Sunday, April 5, 2009

Atlas Shrugged Reborn

Ever since the financial crisis hit full force there has been lots of finger pointing, which seems to be our favorite sport, at who is the culprit. Because of Alan Greenspan's former association with novelist-philosopher Ayn Rand, the left has jumped at the chance to capitalize (pardon the pun) on the "failure of capitalism" in general and the failure of Objectivism, Ayn's Rand's philosophy in particular and her advocacy of laissez faire capitalism. They overlook that we have a mixed economy that is far from a truly laissez faire economics. About the only truth to the claims of the left is that greed did indeed play a role. However, this greed would have had an insignificant impact if certain conditions had not been present: the Community Reinvestment Act and the government's role in setting aside traditional financial lending underwriting principles in order to give everyone a chance to own their own home, whether or not these people can truly afford it. As I've written before the executives of Fannie Mae and Freddie Mac aggressively marketed investing in their products and artificially lowered the perceived risks by touting their backing from the feds because of their status as Government Sponsored Enterprises. So we had a double whammy: reducing lending criteria to risky home buyers and claiming the riskiness of investing in mortgage backed derivatives were much less than they actually were.

Getting back to Ayn Rand, Robert Tracinski reports in his article "Atlas Shrugged Sales Overturn Policy Calculations" that instead of people snubbing Ayn Rand's works they're flocking to her books, Atlas Shrugged in particular. Her 52 year old novel suddenly jumps onto the best seller list! As Tracinski says:

And the left should be demoralized. Six months ago, they had grounds to believe that the financial crisis, given the appropriate "spin," could be exploited to give capitalism a bad name. It was a dishonest attempt, given the role of the Federal Reserve, the US Treasury, Fannie Mae, Freddie Mac, the Community Reinvestment Act, and a whole constellation of federal alphabet agencies in causing the crisis and making it worse. The sales of Ayn Rand's novels are by far the strongest indication that the attempt to pin the crisis on the free market isn't working.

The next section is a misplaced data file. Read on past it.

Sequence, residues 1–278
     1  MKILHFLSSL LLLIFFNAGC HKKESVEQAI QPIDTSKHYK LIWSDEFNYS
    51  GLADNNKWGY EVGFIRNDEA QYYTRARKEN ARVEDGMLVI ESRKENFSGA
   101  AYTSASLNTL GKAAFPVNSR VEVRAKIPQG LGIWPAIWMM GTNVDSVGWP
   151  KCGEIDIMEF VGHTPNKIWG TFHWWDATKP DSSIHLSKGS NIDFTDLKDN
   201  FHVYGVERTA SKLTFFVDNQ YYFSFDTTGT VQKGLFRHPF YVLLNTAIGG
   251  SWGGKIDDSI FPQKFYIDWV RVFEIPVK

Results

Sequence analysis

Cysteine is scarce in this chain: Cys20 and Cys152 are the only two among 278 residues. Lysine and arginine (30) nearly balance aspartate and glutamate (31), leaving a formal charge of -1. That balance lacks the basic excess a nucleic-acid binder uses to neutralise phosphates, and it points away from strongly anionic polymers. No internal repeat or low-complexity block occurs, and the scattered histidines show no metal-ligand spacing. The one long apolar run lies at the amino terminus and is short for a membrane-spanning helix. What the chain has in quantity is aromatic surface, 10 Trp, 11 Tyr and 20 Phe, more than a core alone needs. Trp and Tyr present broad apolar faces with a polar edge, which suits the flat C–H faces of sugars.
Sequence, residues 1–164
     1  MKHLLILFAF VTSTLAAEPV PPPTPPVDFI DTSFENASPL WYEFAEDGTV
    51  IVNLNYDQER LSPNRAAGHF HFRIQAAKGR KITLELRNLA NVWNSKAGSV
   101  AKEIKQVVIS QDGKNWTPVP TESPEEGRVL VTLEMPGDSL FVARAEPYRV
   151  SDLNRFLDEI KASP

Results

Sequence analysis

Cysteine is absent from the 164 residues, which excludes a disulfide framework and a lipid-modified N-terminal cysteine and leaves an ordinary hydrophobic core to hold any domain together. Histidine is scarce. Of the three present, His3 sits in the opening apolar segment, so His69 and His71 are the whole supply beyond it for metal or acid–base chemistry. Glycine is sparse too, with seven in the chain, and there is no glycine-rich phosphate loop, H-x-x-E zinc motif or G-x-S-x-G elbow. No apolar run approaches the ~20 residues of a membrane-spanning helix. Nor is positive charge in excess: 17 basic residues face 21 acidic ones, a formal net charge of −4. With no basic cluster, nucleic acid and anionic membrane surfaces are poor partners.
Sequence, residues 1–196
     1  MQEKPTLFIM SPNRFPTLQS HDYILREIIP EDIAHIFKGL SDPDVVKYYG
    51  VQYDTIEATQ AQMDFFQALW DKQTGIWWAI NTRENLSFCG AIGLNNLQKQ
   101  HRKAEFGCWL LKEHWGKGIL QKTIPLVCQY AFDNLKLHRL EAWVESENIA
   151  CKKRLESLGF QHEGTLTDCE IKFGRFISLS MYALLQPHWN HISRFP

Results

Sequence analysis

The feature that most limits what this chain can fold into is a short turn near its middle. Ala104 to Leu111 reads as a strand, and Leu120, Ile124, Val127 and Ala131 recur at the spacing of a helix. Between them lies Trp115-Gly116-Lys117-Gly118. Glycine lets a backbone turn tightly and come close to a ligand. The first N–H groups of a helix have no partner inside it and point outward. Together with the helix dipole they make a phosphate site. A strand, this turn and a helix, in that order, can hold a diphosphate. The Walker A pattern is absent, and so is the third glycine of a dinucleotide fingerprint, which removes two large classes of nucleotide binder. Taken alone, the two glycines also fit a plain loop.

Instead, many people are convinced that the current crisis is a real-life parallel to the events in Atlas Shrugged, in which the power-hungry villains are always blaming businessmen for the disastrous results of the politicians' own interventions into the economy. The public reaction is similar to that of a businessman who recently sent me a note about Tim Geithner's grab for wider powers to seize businesses: "These guys are sounding like the villains from an Ayn Rand novel." Similarly, a blogger recently recounted his conversation with a fellow lawyer who is shutting down his successful independent firm because of the new taxes planned for him by the Obama administration. Referring to the signature catchphrase of Atlas Shrugged, he concluded: "Who is John Galt? Why, it looks as if we all are."

Instead of Atlas dying he is being reborn.


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Anonymous said...

Nice write up! I thought I was all alone in my little "Atlas Shrugged" world here. I've sent three other people to buy the book and repurchased the larger print one to re read for myself so I'm proud to say that's four more for the best seller list:)